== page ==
When asked why young people aren’t as involved in community initiatives as they once were, Griffiths said that’s not the case, but rather so just like other aspects of the community, the way people volunteer is changing.
“They have a different mindset. They’re not even problem-solvers, they’re solution-seekers. Young people don’t want to belong to an organization, just like they don’t want to belong to a company. They want to work on the cause,” Griffiths said of the approach taken by youth who are involved in their communities.
Instead of agonizing the fact that they’re not as involved, people should work on adapting and reinventing these old community organizations so that they work with the younger generation, explains Griffiths.
“The organizations that are still going to be focusing on getting together every Thursday are not going to survive, but the ones that focus on the cause and not necessarily on the meetings may survive the transformation.”
Later in the evening, there will be a showcase of some 20 community organizations that will promote their services and will allow a chance for people to see what groups are available to join, explained Rinne.
“Our community has grown quite substantially in the past few years so we have a lot of relative newcomers to the community and they might not necessarily be aware of a lot of the things that are going on and a lot of opportunities that there are,” she said, adding she hopes people will take the time to come out and browse what is offered.
The showcase will then be followed by a presentation by Griffiths at 7 p.m. for all community members that are interested in learning more about the attitudes and the elements of change that need to happen for a community to be successful.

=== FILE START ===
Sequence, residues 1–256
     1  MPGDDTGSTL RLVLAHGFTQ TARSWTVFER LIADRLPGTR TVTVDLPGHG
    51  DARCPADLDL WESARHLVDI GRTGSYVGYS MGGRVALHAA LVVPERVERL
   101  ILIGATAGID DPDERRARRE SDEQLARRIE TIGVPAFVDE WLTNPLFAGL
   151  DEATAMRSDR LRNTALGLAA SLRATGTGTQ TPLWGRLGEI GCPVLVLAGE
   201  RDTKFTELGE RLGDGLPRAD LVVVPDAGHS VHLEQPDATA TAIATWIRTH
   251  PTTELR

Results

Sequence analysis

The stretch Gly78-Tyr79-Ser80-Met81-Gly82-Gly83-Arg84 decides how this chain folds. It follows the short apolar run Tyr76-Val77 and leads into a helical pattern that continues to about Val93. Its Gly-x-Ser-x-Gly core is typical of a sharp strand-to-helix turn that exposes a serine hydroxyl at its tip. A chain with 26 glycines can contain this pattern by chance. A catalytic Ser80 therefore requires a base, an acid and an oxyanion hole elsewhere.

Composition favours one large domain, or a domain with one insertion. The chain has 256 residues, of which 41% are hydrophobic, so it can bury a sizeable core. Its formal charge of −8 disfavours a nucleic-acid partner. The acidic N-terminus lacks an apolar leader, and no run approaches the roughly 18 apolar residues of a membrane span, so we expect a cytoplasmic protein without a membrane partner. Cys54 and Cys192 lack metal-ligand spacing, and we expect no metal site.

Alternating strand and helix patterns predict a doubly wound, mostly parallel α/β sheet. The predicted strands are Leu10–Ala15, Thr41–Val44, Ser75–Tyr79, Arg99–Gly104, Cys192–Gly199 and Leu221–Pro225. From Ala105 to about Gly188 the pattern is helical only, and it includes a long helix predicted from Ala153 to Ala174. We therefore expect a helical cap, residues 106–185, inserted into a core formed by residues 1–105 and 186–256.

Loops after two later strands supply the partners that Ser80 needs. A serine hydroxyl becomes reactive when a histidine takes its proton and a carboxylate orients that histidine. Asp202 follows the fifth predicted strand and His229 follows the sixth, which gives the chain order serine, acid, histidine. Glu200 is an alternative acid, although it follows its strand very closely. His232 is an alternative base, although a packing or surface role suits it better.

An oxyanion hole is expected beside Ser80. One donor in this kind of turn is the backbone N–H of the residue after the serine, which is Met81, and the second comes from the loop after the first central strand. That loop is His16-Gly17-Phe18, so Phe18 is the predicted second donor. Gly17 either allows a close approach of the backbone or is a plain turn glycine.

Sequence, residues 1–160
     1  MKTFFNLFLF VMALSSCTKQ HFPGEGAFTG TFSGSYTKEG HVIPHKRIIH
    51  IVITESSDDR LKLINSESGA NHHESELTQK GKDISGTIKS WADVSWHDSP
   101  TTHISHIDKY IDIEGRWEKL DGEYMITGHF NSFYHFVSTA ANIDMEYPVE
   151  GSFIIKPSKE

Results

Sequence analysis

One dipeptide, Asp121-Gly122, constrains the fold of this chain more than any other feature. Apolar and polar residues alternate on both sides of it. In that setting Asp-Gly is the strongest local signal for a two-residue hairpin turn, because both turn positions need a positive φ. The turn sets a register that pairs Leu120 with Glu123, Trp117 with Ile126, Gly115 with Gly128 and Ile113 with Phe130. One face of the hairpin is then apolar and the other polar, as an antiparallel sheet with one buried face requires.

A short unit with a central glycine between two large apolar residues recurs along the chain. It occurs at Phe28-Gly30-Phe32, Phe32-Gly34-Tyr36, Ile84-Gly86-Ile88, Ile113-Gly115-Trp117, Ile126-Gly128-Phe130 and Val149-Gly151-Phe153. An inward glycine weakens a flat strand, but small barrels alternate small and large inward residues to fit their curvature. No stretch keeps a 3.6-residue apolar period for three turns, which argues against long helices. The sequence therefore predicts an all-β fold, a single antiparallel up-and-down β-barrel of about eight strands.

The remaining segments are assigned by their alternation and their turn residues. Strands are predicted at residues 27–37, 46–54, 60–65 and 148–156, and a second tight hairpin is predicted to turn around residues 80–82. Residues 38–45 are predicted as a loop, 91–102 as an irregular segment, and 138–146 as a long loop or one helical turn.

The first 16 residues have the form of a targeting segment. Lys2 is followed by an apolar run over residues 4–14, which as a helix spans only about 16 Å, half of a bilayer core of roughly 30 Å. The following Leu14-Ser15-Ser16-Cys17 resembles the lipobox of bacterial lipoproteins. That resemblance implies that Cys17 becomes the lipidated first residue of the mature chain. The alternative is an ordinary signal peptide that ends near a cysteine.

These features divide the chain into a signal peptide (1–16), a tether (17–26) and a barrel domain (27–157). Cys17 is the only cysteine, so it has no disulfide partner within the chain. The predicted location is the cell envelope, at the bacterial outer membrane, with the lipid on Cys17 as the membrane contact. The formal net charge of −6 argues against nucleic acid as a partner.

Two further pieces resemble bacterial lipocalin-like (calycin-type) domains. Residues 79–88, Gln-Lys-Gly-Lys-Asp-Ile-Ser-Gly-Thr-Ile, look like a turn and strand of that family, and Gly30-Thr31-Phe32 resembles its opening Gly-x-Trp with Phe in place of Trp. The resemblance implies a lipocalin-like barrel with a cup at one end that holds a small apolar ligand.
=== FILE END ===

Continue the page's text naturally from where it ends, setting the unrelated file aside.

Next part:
“If you want it to be better don’t complain and say ‘someone else needs to do it.’ You need to do something about it. No matter where anyone goes, they will be a part of a community,” he stressed.
Griffiths will also host a question-and-answer session so that community members can address important topics such as: How do you get rid of negativity? How do you change mindsets? Where’s the first place we should start to build our community? How important is it to work together?
On November 15 from 8:30 a.m. until noon, Griffiths will share his expertise with the local organizations through a workshop that will teach them about solutions and the next steps to take to create a better community. The focus will be to find out the next steps and sharing information and different perspectives of each group so that as a whole they can decide where to go next.
“I like to make sure that everyone walks out of there knowing what they should do tomorrow,” said Griffiths.
To learn more or register for the free event, check out the Healthy Woolwich website. The community showcase will start at 6 p.m. on November 14 at EDSS, followed by Griffith’s presentation at 7 p.m., with the Q&A from 8:30-9 p.m. The Somebody Should Do Something workshop will take place at EDSS on the following morning at 8:30, aimed at community members and organizations.